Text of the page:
New rules for Circus units

NEW DELHI, FEB. 26. To make rescue centres and circuses more accountable and responsible towards the well-being of animals, the Union Ministry of Environment and Forests has, in the first such notification of its kind, brought them under the purview of the zoo rules.

The notification that came into effect from February 9, prescribes a more stringent set of guidelines for the upkeep and long-term maintenance of animals kept in rescue centres and circuses.

And while the rescue centres and circuses will now be governed by the Recognition of the Zoo Rules, Amendment 2004, the new set of guidelines will affect the rescue centres and circus all over the country.

The new set of rules states that owners of rescue centres and circus in the country are now law-bound by the zoo rules to look after the well-being, shelter and food requirement of the animals they house, failing which they could be punished.

The rules, which came into effect after more than a year of groundwork, will affect the functioning of over 25 registered rescue centres and 50 circuses in the country.

And while the Central Zoo Authority (CZA) is now working overtime to ensure that rescue centres and circuses register themselves so that a record can be kept of the same, special efforts are being made to educate wildlife personnel about the new rules. The implementation of the rule is to be monitored by the chief wildlife warden of each State, while the CZA is equipping itself to evaluate and recommend improvements to be made at rescue centres and circuses for their recognition.

"The new rule is good news for the animals as the owners can now be taken to task in case they fail to provide food, shelter and look after the general well being of the animals. The CZA authorities would be inspecting the various rescue centres and circuses for recognition of the same, allowing them to function. In case we notice that the centres are not up to the mark, CZA will recommend changes and give the centres six months grace period, granting them conditional reorganisation,'' explained the CZA scientific officer, Bipul Chakrabarty.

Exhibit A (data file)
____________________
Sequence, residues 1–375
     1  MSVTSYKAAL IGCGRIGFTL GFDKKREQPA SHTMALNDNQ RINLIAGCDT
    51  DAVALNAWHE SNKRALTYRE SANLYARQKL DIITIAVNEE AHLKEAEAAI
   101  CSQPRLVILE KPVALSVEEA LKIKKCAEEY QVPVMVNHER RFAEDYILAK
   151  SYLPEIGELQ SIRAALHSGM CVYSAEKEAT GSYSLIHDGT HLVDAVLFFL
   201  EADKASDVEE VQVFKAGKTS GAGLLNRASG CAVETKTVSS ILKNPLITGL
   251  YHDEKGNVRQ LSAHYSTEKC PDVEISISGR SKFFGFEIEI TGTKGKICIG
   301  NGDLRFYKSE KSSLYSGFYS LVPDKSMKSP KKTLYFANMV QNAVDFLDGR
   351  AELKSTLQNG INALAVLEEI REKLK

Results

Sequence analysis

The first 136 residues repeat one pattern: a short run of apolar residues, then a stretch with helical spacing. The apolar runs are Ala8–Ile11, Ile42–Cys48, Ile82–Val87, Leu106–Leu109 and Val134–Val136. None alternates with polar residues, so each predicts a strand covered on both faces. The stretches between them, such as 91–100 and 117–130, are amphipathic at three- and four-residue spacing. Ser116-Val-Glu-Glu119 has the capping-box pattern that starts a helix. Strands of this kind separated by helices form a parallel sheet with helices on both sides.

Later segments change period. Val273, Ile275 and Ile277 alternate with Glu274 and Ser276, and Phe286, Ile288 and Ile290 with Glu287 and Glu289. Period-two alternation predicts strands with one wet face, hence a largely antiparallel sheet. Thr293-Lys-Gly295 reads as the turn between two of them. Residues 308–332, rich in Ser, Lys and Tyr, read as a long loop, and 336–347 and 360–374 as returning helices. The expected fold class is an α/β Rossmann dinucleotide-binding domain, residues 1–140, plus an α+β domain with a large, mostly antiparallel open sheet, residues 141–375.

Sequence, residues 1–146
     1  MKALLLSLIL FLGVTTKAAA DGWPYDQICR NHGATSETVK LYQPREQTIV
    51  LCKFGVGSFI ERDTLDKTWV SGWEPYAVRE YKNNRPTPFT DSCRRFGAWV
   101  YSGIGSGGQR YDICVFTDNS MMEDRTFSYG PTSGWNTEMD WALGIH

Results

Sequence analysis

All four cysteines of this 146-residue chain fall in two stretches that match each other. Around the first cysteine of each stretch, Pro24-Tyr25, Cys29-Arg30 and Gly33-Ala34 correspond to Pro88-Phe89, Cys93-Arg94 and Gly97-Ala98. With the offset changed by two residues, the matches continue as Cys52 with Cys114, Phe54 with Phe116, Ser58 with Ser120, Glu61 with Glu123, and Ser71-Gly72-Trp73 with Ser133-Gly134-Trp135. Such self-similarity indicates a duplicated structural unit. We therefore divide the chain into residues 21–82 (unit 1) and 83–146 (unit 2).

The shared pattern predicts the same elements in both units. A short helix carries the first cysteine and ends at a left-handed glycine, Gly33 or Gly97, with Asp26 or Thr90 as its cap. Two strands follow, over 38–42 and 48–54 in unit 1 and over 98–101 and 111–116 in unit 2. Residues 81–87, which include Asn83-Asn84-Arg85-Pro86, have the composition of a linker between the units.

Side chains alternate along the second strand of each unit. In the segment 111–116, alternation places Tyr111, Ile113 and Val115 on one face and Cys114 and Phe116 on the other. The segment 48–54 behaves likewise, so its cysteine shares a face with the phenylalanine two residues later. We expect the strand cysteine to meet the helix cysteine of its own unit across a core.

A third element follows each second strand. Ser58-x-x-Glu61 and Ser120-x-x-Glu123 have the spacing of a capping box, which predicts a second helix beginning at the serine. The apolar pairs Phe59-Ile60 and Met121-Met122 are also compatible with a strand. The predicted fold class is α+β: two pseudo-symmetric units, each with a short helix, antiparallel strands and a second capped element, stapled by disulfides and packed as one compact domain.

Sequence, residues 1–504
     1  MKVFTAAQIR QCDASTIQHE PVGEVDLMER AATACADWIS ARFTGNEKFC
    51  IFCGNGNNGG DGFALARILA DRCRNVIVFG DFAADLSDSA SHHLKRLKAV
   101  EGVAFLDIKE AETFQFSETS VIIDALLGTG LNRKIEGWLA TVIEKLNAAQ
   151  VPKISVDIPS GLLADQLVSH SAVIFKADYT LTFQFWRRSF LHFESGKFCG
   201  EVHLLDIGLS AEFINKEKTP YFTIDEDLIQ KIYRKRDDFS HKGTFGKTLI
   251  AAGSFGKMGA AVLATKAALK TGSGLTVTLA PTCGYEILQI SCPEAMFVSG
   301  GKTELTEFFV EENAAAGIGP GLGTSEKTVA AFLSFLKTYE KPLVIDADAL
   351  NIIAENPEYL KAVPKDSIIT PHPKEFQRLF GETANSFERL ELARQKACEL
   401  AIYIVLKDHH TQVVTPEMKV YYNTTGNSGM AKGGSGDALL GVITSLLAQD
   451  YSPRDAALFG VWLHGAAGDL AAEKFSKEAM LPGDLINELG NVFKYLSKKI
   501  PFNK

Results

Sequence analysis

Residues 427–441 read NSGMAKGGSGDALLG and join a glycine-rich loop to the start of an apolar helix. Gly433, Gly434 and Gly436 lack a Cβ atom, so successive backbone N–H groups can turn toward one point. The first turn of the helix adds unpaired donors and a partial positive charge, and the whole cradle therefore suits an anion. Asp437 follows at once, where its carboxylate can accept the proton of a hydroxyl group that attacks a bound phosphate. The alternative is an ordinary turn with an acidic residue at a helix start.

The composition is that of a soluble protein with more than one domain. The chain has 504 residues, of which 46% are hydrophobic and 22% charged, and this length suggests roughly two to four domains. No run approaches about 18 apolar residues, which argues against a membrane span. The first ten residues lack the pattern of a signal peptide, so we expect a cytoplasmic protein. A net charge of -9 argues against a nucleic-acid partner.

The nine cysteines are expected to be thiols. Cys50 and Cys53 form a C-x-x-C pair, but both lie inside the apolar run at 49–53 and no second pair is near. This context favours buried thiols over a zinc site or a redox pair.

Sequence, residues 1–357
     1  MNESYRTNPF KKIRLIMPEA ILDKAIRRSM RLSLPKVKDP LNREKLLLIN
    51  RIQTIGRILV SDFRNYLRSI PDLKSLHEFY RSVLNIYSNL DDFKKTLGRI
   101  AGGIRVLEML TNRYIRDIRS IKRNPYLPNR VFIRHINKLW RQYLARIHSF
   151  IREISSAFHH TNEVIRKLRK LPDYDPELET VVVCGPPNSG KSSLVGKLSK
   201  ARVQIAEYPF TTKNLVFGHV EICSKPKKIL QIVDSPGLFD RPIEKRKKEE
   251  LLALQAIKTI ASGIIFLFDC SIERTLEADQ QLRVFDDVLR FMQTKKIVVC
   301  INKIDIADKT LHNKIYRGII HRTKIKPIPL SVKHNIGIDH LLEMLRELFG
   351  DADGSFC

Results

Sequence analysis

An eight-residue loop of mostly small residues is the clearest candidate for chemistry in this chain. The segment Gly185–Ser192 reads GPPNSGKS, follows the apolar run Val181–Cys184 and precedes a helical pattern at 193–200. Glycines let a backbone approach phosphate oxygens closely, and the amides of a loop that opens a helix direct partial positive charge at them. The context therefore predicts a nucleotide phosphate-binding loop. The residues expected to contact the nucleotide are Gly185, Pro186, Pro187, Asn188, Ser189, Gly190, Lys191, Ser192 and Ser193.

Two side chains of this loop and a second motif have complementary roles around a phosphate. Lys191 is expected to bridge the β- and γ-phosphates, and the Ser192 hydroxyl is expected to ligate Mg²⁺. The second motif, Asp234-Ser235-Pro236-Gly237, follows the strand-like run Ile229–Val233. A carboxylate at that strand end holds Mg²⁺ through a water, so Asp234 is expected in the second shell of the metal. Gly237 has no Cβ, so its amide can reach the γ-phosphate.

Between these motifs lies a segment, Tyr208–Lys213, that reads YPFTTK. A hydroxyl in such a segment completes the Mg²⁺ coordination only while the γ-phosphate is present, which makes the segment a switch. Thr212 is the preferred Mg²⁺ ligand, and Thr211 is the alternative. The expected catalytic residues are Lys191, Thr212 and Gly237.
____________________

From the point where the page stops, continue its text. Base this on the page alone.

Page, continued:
The rules also require an on-duty veterinarian at the centre, basic diagnostic facilities, comprehensive range of drugs, a reference library on animal health care and animal enclosures to be built as per the new guidelines. Also any animal that dies in a zoo shall be subjected to a detailed post-mortem by a veterinarian registered with the State Veterinary Council or the Veterinary Council of India and finding of the same shall be recorded and maintained for a period of at least six years.

"The new rules will ensure that animals remain safe, clean and well feed and that they are not subjected to undue cruelties,'' added Mr. Chakrabarty.